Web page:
ORLANDO, Fla. — A couple of younger Central Florida residents found a creative way to seek COVID-19 vaccinations intended for residents age 65 and over.

What You Need To Know

  • Orange County Health Department official says 2 women dressed up as "grannies"

  • People 65 and older eligible to get COVID-19 vaccine at Health Department sites

  • Pino: There have been a "few" other cases of people misrepresenting themselves

Two younger-looking women “came dressed up as grannies” to the Orange County Convention Center on Wednesday to try to get COVID vaccinations, health official Dr. Raul Pino said Thursday.

“The bonnets, the gloves, the glasses, the whole thing,” Pino said at an Orange County coronavirus news briefing.

The women were seeking their second coronavirus shots, Pino said.

Pino said he lacked details on how they could have gotten first dosages but said the women carried valid Centers for Disease Control and Prevention vaccination cards on Wednesday.

But “there were some issues with their IDs and their driver’s licenses,” he said.

The Orange County Sheriff’s Office told Spectrum News in an email late Thursday that personnel from the Florida Department of Health in Orange County asked deputies to “issue trespass warnings to two women who arrived at the (Convention Center) site for Covid vaccinations, with dates of birth that did not match those they had used to register for the vaccines. The names, however, did match the registration.”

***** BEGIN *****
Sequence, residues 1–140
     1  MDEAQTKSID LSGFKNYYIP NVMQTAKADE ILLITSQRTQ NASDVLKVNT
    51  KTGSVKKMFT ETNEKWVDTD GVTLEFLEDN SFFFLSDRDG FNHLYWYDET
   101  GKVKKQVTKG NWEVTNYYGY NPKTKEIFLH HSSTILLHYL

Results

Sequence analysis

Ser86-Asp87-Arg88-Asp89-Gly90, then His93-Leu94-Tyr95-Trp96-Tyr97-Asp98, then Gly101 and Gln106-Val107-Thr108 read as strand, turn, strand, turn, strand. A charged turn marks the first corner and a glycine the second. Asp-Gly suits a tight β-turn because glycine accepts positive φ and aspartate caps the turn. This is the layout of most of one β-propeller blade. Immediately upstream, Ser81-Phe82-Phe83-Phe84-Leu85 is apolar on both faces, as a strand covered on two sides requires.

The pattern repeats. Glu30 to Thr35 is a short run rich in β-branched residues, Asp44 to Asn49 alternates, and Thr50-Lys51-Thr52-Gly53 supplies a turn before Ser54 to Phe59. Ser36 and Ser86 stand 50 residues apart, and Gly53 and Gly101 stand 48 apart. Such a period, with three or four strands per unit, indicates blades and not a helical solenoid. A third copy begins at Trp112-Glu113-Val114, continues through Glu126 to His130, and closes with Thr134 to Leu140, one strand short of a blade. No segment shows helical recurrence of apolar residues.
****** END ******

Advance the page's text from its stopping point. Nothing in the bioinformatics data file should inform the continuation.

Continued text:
The Sheriff’s Office said it took no other action.

The women were ages 34 and 44, according to dates of birth that the Sheriff’s Office provided.

The Sheriff’s Office said it had no other information. “And we don’t have any information about whether they were wearing disguises or how they were dressed,” it said.

Pino, the health official, noted a “very high demand” for the vaccinations in Orange County, as elsewhere, and said “there have been a few” such cases of residents misrepresenting themselves in attempts to get vaccinated.

In another case, Pino said, a man with the same name as his father showed identification that included a different birthday than his father.

“They’re all different and creative,” Pino said of such vaccination attempts. “But we have access to a lot of information, so we can quickly verify who is who.”

He acknowledged that as the county seeks to vaccinate more people at a faster rate — announcing Thursday that officials aim to vaccinate up to 3,000 seniors a day at the Orange County Convention Center — “some people could squeeze in, so (such cases are) probably higher than we suspected.”